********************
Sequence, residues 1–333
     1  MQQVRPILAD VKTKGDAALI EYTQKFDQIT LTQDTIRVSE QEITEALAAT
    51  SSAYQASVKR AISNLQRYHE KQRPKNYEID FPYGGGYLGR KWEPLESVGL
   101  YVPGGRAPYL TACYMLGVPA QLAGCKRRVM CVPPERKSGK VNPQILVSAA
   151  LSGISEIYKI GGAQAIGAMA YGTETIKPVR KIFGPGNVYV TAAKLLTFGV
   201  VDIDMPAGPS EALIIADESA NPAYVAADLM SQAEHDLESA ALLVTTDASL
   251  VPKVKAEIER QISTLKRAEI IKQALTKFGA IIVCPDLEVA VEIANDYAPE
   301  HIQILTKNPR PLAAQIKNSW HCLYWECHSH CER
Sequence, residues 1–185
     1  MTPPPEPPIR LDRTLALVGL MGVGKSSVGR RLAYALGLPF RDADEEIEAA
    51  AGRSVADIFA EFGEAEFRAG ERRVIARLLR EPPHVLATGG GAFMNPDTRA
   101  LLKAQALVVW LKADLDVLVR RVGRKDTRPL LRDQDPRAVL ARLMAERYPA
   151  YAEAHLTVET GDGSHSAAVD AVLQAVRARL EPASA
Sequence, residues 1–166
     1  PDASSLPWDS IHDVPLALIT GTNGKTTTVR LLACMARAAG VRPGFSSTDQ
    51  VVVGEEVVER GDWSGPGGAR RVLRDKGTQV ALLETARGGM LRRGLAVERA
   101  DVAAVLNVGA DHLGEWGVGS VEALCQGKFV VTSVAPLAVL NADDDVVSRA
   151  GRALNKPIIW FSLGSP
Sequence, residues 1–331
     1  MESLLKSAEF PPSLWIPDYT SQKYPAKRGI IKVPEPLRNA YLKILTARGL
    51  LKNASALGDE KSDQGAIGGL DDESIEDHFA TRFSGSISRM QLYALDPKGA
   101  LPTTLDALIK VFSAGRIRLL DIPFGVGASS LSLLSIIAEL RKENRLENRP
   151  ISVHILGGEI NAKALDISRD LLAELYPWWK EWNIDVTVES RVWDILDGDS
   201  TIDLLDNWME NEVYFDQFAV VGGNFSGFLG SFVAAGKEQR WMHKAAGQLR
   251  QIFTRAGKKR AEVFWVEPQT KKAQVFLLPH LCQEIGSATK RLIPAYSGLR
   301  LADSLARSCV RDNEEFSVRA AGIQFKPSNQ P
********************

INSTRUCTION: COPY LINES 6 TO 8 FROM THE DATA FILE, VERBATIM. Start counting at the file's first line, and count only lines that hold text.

   201  VDIDMPAGPS EALIIADESA NPAYVAADLM SQAEHDLESA ALLVTTDASL
   251  VPKVKAEIER QISTLKRAEI IKQALTKFGA IIVCPDLEVA VEIANDYAPE
   301  HIQILTKNPR PLAAQIKNSW HCLYWECHSH CER